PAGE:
The Cotton Club was a famous Harlem nightclub. This is the story of the people who visited this club as well as the people who ran it, and the film is generously peppered with the jazz music that made the Cotton Club so renowned in the 1920s and 1930s.Written by
Colin Tinto <firstname.lastname@example.org> with corrections by BSmith
In the original version, the opening credits were intercut with dancers performing "The Mooche." In the 2019 revision, the dancing is eliminated and the credits roll straight through, but have been joined with straight cuts rather than dissolves. Additionally, Coppola has changed his billing from "Francis Coppola" to "Francis Ford Coppola." Finally, restoration credits have been added after the end titles. See more »
In 2019, Lionsgate released a director's cut running 139 minutes, titled "The Cotton Club Encore". This version gave more space to the Williams brothers and Lila Rose, restoring three full musical numbers and extending others, and trimming scenes with impersonations of 1920s celebrities. See more »
As a New Yorker who happens to be steeped in the lore of New York in the prohibition era, this film represents a bold attempt to capture the dynamics of the period. At times it succeeds. At other times it falls way short of the mark.
What I really admire is the fact that it deals with racial and ethnic friction honestly. The racial slurs in the dialog were part of the reality of that time. Relations between blacks and whites are not idealized. Richard Gere and Gregory Hines are neighbors and acquaintances, but are not portrayed as close friends. When Gregory Hines prevents Dutch Schultz (James Remar in a vivid characterization) from killing Richard Gere, he does it out of basic decency. Mercifully, there are none of the sentimental relationships between blacks and whites that seem so patently false in other films.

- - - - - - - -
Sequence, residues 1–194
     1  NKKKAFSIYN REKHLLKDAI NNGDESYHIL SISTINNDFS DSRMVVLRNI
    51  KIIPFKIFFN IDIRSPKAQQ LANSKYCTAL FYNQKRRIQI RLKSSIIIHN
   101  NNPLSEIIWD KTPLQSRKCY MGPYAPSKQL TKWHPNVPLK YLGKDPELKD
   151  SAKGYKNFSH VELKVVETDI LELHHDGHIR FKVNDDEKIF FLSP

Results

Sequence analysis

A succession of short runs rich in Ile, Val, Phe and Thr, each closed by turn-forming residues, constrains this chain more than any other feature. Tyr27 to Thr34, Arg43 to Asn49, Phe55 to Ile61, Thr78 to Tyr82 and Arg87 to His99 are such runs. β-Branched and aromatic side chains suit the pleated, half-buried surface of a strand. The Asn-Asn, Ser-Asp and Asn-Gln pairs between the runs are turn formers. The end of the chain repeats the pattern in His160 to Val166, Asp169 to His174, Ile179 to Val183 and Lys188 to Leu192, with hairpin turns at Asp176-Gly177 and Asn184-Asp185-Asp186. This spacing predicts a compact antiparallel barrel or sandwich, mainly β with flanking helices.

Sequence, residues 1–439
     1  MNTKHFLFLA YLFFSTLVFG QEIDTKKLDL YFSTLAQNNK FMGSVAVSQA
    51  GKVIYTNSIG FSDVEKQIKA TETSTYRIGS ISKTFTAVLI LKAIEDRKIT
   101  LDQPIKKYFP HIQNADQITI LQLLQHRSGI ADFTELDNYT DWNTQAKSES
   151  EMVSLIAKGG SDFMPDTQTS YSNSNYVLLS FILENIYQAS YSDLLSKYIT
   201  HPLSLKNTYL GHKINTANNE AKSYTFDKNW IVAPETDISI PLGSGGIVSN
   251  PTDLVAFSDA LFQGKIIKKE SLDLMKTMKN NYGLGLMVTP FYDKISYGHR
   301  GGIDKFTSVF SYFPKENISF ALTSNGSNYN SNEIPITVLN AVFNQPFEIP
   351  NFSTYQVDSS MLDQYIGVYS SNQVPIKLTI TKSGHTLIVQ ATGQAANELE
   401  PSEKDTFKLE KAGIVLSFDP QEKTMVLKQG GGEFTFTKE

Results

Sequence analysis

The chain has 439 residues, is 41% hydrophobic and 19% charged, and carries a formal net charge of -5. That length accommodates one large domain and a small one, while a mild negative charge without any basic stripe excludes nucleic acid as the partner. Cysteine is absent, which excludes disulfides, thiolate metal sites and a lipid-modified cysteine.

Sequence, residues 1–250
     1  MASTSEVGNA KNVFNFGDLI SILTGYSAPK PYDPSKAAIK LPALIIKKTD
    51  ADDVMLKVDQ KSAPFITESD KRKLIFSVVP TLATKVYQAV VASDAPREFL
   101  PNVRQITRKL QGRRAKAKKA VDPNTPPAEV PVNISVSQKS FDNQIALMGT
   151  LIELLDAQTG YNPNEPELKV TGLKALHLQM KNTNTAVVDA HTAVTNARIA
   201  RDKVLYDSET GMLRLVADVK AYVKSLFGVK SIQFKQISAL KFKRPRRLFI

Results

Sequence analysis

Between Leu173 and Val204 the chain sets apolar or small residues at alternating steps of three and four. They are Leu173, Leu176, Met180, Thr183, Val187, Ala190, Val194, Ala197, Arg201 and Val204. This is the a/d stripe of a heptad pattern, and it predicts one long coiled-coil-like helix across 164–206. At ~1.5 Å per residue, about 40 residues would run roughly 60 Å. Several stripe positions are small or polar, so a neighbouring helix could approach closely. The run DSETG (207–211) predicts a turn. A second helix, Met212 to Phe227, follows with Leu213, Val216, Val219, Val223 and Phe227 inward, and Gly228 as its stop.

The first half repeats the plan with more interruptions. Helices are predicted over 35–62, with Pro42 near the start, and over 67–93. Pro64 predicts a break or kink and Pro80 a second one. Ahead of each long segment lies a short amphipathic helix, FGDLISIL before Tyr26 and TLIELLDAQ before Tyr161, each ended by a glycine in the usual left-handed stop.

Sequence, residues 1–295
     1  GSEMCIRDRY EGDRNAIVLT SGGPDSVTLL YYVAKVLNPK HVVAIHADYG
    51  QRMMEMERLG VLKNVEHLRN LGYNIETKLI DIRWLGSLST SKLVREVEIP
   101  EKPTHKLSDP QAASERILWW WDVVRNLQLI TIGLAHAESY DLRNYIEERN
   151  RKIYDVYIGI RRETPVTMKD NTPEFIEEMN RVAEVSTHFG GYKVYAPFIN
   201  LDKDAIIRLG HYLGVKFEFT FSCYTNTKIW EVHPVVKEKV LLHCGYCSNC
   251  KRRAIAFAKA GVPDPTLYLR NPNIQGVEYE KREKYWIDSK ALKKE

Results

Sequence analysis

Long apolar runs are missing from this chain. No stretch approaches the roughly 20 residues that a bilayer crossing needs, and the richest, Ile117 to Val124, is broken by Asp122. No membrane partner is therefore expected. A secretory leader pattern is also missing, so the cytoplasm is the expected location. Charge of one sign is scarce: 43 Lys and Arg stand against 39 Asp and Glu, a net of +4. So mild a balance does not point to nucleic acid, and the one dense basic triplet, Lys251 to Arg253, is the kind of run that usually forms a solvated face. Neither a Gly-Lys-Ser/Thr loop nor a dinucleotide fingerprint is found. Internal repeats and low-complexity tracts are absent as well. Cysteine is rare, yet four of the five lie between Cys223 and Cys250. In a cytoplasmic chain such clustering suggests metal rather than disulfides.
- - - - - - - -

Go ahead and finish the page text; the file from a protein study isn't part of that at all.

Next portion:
Gangland New York during the prohibition era has rarely been portrayed accurately. A worst case example was a 1991 disaster called Mobsters (a.k.a. "Young Tommy Guns"). The Cotton Club deals with real life chracters like Owney Madden (has he ever been portrayed in another film under his real name?), Big Frenchy DeMange, Arthur "Dutch Schultz" Flegenheimer, a Vincent Coll standin, Charlie ""Lucky" Luciano, "Trigger" Mike Coppola, and (at least in an early shooting script) Jack "Legs" Diamond. Richard Gere's character was loosely based on George Raft.
They were fascinating characters. At times, The Cotton Club tries to play fair with them. It almost succeeds.
On the whole, this should have been a better film. Personally, I would have preferred a film that focused on the real life gangsters with the music simply as background. The attempt to elevate the black characters to a position of equal importance in the narrative is the flaw that undoes the film. It's difficult to follow characters who have no power and little chance of gaining it. Obviously, that is not politically correct. However, I prefer for historical films to deal with life the way it really was, rather than the way some people think that it should have been.
All in all, an interesting and honorable failure.
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